Ken Clark, Managing Director of Rotronics, has provided a whistle-stop tour of the different types of battery available on the market and how to care for each of them.
With the cost of living rising across the board, it is important that workshops keep working at their best; that means providing excellent customer service and making the most out of their money by having the correct tools, technology and equipment. Making wrong, expensive decisions is not an option in 2022, as we are still faced with supply issues and price increases.
Having a great battery management programme in your workshops is vital and each auto battery variant has both positives and negatives and needs a different maintenance approach.
PMM readers will most likely come across 12 V Lead Acid batteries and this category includes AGM, EFB and Flooded batteries. If you work with prestige vehicle brands, you might be seeing more 12 V Lithium-ion batteries. Don’t be lured in by the price of batteries. Flooded batteries have a more attractive, lower, price tag, but they aren’t ideal for modern start/stop or electric vehicles. Batteries such as EFBs are commonly found in vehicles with start/stop technology and are generally found installed under the bonnet.
The AGM battery is also used in such applications and due to its increased performance characteristics is more expensive but that is for a good reason; there is reduced risk of gassing or leaking and they suit modern start/stop applications. The battery is often fitted within the passenger area of vehicles.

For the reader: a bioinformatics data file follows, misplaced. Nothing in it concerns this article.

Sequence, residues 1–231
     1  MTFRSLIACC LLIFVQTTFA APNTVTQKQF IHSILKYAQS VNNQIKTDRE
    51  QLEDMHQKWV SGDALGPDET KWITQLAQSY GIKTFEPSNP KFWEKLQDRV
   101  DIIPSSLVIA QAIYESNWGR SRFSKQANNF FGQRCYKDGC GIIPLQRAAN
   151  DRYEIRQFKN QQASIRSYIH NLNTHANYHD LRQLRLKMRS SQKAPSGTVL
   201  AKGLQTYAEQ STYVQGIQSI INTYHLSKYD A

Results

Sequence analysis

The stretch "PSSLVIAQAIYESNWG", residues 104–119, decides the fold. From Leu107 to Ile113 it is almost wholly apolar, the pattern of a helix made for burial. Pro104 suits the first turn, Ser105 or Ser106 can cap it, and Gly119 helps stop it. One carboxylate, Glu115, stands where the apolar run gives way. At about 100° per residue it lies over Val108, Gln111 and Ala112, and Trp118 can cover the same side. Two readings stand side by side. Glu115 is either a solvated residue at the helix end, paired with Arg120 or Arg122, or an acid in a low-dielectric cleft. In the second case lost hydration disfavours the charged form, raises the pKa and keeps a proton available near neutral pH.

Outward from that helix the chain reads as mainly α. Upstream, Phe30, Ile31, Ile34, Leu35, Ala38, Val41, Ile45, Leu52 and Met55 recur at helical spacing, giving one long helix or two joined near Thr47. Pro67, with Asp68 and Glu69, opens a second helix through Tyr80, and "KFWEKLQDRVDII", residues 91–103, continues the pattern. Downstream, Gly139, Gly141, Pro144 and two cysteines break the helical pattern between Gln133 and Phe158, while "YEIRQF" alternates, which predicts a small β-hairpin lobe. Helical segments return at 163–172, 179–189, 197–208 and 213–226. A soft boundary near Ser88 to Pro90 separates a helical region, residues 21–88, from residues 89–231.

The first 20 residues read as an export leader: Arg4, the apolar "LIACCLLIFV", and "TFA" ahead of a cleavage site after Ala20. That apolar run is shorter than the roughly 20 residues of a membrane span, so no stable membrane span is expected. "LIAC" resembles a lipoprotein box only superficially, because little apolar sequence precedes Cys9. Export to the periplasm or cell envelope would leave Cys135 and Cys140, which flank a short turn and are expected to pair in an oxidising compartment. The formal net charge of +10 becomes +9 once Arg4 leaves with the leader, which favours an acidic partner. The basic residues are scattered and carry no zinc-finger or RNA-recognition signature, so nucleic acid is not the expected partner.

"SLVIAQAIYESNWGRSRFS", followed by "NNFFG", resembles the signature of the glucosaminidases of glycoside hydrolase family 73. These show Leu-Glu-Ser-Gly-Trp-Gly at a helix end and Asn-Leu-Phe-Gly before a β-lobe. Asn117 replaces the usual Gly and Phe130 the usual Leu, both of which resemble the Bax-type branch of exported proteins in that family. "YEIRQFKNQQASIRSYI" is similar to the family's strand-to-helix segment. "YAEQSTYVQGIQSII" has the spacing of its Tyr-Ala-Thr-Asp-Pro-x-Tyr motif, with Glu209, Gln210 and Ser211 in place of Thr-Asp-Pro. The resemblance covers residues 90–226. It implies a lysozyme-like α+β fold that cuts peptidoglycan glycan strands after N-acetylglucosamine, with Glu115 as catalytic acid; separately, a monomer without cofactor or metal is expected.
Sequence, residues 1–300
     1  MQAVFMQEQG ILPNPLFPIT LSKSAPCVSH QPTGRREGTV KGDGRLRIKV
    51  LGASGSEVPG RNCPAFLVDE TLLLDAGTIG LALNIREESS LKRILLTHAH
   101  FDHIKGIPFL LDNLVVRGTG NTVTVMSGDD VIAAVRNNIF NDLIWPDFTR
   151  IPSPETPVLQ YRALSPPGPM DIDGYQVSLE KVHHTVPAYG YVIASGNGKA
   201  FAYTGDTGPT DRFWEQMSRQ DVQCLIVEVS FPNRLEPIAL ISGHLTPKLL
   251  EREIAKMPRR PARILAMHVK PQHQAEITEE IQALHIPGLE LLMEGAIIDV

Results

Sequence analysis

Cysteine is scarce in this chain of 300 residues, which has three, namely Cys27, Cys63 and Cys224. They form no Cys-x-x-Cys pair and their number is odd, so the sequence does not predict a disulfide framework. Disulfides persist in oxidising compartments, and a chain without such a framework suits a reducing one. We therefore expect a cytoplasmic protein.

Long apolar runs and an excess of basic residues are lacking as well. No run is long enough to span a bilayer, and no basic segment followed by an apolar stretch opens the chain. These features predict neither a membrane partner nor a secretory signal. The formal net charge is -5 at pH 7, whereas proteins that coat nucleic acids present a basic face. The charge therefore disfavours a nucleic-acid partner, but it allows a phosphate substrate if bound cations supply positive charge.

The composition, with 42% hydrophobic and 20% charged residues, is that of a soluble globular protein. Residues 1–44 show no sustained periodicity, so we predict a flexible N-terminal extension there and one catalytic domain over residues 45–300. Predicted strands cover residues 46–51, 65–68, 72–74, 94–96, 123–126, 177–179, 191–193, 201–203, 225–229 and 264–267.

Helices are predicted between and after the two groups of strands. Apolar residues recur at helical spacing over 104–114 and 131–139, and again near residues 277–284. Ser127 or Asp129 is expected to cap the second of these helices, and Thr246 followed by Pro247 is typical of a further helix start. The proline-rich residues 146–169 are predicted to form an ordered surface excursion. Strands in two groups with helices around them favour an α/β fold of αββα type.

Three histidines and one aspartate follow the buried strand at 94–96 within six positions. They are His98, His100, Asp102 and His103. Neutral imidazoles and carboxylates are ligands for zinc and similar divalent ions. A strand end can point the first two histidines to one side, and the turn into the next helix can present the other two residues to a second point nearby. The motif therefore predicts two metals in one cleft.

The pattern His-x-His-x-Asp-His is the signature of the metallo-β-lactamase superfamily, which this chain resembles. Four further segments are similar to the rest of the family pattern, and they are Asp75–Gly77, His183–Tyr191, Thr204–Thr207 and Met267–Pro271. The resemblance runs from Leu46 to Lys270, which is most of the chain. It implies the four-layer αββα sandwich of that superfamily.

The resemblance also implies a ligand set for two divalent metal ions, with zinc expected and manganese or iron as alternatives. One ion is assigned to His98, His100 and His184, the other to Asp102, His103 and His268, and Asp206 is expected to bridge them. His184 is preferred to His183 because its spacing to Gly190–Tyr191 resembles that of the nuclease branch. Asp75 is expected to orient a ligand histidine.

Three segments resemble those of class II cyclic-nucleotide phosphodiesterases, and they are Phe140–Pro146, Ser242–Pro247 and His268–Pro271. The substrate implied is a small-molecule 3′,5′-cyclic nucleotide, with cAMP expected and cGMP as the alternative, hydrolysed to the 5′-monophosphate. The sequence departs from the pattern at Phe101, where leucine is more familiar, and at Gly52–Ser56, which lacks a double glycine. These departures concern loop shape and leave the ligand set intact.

Considerably more expensive again are Lithium-ion batteries. The raised cost is because they will last longer and outperform other types. They come with good safety options to prevent critical discharging. Whilst this technology isn’t commonplace, it is being used more widely, particularly in BEV and high-end vehicle applications, where high performance and low maintenance is required.
Looking after, or maintaining, each battery type is important, and workshops need to make sure that batteries are tested with a conductance-based tester. There is a lot to choose from, but we’d recommend something like the MDX655P S/S battery tester which will tackle most eventualities or the DCA8000.
The CPX900 emails test results to customers, which can aid any decisions being made about remedial action for a battery. Technicians can do a full health check, including an assessment of the battery’s reserve capacity and cranking ability. It also connects to ROBIS, Rotronics’ subscription-based data portal, and it comes with Wifi and Bluetooth connectivity. This is ideal for technicians who conduct MOTs and servicing every day.
Litium-ion 12 V batteries can’t be tested because they have an internal battery management system (BMS) which stops technicians discharging the battery to a critical level. Even with the latest electric vehicles, a 12 V Lead Acid AGM battery is still the heartbeat and I am not seeing anything in development to change that in the next decade.